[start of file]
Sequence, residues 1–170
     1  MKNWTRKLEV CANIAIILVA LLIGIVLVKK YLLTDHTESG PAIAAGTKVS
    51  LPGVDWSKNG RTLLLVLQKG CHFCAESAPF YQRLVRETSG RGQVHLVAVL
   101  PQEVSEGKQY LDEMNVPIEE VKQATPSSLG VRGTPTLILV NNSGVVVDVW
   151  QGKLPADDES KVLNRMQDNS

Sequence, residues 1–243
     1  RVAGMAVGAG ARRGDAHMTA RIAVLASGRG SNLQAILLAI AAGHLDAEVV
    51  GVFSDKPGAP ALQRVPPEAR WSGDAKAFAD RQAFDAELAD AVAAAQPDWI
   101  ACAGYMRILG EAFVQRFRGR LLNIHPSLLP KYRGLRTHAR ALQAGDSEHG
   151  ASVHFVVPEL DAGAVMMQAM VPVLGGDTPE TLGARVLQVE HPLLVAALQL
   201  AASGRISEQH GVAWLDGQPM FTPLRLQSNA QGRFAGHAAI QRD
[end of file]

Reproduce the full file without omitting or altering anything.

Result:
Sequence, residues 1–170
     1  MKNWTRKLEV CANIAIILVA LLIGIVLVKK YLLTDHTESG PAIAAGTKVS
    51  LPGVDWSKNG RTLLLVLQKG CHFCAESAPF YQRLVRETSG RGQVHLVAVL
   101  PQEVSEGKQY LDEMNVPIEE VKQATPSSLG VRGTPTLILV NNSGVVVDVW
   151  QGKLPADDES KVLNRMQDNS

Sequence, residues 1–243
     1  RVAGMAVGAG ARRGDAHMTA RIAVLASGRG SNLQAILLAI AAGHLDAEVV
    51  GVFSDKPGAP ALQRVPPEAR WSGDAKAFAD RQAFDAELAD AVAAAQPDWI
   101  ACAGYMRILG EAFVQRFRGR LLNIHPSLLP KYRGLRTHAR ALQAGDSEHG
   151  ASVHFVVPEL DAGAVMMQAM VPVLGGDTPE TLGARVLQVE HPLLVAALQL
   201  AASGRISEQH GVAWLDGQPM FTPLRLQSNA QGRFAGHAAI QRD